Brimstone Vail, New Insights with Rate-Based Claus Waste Heat Boiler Simulation


New Insights with Rate-Based Claus Waste Heat Boiler Modelling

The Claus Waste Heat Boiler (WHB) is a critical piece of equipment in the sulphur recovery unit (SRU). As refiners and gas producers have pushed towards higher sulfur feedstocks placing more load on the SRU, failures have become more common. These higher failure rates have come at a time when uptime metrics and environmental constraints have become concurrently stricter.
In this work, a set of case studies were run using a newly developed rate-based heat transfer and chemical reaction rate model of the Waste Heat Boiler. The rate-based model provides quantitative insights into several aspects of the WHB that impact the sulphur plant performance:
  • Recombination reactions that occur at the front of the WHB.
H2 + ½ S2  --> H2S
CO + ½ S2 --> COS

These reactions not only influence sulphur recovery, air demand, and hydrogen production in the SRU, they also impact the heat flux and performance of the WHB. These reactions occur towards the front (inlet) side of the WHB and are exothermic. The “hidden” heat associated with these reactions tends to increase heat flux near the critical tube-to-tube sheet joint.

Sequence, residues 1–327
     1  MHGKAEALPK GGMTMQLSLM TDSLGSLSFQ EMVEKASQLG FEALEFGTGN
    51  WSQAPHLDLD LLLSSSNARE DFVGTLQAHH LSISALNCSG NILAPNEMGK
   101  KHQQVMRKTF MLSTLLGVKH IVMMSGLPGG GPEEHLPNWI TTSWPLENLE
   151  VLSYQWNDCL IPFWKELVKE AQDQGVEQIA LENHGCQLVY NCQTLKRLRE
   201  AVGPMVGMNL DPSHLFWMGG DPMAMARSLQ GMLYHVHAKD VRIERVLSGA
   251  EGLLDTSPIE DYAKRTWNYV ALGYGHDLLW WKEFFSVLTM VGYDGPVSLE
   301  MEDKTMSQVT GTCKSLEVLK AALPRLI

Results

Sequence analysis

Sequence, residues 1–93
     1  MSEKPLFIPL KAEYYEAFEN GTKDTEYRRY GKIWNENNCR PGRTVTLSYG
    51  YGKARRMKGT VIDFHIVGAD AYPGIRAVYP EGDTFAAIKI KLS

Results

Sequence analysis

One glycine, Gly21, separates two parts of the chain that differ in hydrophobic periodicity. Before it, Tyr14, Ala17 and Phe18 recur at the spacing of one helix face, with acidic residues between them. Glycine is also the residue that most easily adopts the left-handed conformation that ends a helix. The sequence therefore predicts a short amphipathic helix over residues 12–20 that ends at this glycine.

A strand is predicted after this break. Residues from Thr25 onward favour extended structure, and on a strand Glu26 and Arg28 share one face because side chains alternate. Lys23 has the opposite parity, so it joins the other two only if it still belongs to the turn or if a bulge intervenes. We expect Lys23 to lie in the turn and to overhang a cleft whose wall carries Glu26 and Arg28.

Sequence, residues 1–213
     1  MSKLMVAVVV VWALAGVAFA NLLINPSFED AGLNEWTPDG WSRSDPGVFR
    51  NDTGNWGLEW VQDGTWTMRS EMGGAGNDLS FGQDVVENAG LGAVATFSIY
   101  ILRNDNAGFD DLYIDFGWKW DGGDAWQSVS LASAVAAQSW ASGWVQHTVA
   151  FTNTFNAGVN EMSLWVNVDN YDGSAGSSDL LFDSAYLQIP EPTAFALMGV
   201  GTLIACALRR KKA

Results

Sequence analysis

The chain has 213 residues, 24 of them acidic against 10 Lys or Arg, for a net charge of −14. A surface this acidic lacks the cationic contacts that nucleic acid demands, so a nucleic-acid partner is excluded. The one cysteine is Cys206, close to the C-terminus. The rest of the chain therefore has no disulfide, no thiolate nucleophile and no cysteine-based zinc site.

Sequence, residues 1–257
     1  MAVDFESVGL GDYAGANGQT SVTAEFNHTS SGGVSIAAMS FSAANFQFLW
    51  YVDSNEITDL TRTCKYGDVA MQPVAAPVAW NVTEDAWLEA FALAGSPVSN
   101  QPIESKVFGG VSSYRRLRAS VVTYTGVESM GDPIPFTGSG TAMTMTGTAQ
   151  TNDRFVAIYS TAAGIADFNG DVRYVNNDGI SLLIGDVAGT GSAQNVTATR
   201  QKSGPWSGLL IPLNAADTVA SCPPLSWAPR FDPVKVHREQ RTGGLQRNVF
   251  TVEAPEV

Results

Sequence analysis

• Radiation impacts on heat transfer also occur primarily towards the inlet of the WHB.
Radiative heat transfer, coupled with the exothermic recombination reactions collectively increase the peak heat flux at the front of the boiler well above predictions from models that ignore or discount these factors. Tube wall temperatures, pressure drop, and heat flux predictions from the model are examined down the length of the tubes for an oxygen-enriched and an air-only sulphur plant as a function of tube size and mass velocity. Surprising findings show elevated tube wall temperatures well downstream of the area of protection provided by ceramic ferrules for the higher mass velocity cases, validating documented failures in the industry. The implications of sulfidic corrosion and the resulting impact on boiler tube life and sulphur plant reliability economics are examined with this new information.


View past issues of The Contactor™ and ProTips™.

Subscribe to: